How to Replace a Hardwire Smoke Detector

Updated February 21, 2017

Smoke detectors provide a very important level of homeowner protection at a minimal cost. In many areas of the country, hardwire smoke detectors are mandated by building codes. Fortunately, replacing a hardwire smoke detector is no more difficult than replacing the batteries in a battery-operated smoke detector. In fact, most hardwire detectors also have a battery backup feature included in the design, so it is important for homeowners to become accustomed to both types of smoke detectors, and their maintenance.

Place a stepladder beneath the old hardwire smoke detector. Climb up and remove the plastic housing from the smoke detector. The plastic housing is usually held in place with two or three plastic tabs that must be pinched, or twisted.

Turn off the electricity to the room or area that contains the hardwire smoke detector. Climb the stepladder again and, using a flashlight, locate the two mounting screws (usually Phillips screws) that hold the smoke detector to the electrical junction box in the ceiling. Remove these two screws.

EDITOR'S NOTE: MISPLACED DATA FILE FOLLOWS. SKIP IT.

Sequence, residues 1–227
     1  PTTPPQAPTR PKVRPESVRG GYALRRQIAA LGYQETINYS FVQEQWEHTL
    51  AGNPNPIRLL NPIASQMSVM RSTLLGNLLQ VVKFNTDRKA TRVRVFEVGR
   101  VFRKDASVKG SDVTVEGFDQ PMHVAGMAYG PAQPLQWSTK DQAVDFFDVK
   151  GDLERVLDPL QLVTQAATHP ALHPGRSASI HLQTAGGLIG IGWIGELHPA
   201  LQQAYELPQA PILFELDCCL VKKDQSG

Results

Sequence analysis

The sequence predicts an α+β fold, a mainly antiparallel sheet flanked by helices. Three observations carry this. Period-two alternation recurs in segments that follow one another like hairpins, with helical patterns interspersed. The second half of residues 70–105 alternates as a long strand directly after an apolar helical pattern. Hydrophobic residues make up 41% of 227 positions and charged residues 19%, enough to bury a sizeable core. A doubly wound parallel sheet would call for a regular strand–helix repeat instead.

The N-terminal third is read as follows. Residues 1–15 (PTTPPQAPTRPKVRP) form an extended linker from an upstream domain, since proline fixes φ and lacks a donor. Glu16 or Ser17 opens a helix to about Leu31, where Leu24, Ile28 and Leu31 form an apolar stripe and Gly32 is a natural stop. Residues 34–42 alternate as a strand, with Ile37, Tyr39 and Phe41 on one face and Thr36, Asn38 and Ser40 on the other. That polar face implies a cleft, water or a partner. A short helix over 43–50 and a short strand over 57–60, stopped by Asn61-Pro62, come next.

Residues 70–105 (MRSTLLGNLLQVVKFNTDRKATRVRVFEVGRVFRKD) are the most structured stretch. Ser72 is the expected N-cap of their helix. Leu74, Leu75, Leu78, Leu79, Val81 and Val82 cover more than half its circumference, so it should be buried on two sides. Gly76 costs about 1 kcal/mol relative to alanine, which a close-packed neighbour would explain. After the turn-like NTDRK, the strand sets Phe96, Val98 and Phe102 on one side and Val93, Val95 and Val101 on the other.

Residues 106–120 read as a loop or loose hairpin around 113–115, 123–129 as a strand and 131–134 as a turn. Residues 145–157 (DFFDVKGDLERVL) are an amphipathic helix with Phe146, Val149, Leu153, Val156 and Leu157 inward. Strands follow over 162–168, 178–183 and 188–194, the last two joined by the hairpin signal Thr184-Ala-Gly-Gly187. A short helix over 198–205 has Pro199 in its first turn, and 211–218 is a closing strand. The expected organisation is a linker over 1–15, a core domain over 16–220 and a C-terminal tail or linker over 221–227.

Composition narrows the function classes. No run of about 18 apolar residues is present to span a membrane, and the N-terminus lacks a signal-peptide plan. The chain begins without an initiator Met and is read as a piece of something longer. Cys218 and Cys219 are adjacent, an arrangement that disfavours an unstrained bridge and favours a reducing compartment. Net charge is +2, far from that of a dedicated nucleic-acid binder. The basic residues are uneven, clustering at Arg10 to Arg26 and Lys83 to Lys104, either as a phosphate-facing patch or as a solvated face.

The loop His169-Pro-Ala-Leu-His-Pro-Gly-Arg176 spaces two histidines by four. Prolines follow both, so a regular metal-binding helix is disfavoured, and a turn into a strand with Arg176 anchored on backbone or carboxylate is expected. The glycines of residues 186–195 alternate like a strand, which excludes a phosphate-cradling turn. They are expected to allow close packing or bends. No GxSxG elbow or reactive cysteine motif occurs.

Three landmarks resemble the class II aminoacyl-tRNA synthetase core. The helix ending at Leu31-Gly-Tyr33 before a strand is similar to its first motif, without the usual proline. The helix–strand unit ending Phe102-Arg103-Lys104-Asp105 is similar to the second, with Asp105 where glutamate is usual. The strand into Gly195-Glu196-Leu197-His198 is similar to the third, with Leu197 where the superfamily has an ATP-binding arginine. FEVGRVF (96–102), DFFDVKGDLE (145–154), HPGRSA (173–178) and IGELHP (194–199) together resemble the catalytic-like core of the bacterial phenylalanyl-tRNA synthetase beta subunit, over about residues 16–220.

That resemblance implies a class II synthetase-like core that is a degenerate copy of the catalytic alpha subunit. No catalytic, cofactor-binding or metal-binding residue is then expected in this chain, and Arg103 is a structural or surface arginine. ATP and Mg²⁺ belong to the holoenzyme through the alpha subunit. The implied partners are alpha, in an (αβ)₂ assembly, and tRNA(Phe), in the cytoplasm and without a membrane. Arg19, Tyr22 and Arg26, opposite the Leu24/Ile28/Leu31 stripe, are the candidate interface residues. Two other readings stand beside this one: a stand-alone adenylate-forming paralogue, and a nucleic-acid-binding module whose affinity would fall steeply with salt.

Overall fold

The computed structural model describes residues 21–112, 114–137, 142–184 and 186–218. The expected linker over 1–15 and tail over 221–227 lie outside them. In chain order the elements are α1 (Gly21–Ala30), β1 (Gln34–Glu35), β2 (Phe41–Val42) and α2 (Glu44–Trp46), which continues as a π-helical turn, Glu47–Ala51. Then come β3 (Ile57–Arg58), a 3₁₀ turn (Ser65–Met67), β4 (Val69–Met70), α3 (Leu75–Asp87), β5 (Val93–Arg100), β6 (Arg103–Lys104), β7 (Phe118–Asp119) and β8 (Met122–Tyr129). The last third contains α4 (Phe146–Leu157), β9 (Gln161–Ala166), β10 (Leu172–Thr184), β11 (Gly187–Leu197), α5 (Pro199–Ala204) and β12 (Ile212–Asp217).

Pull the smoke detector down, until all the slack is gone from the three connecting wires (black, white and bare). Remove the wire nuts that hold the wires together by twisting each one counterclockwise. Pull the wires apart, remembering the colours of wires connected together (usually white attached to white, red to red, or black to black).

Remove the old smoke detector, and attach the hanging wires from the junction box onto the new smoke detector, using the same colour coding as from the old smoke detector.

Install the wire nuts by twisting them clockwise until tight. Reattach the new smoke detector to the ceiling gang box using new Phillips screws that came with the unit.

Turn the power back on the circuit, and test the new smoke detector by pressing the red test button. If it beeps, install the plastic decorative cover.

Things You'll Need

  • 9-volt battery
  • Stepladder
  • Flashlight
  • Phillips screwdriver
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About the Author

Residing near the Central Florida beaches, Steven Douglas has written extensively on resolving small-business issues since 1990 in publications such as ForexFactory, Forex-Tsd, FxStreet and FxFisherman. After earning a master's degree in administration from the University of Maryland, his primary focus has been on international currency trade and how it can be effectively utilized by small businesses across the United States.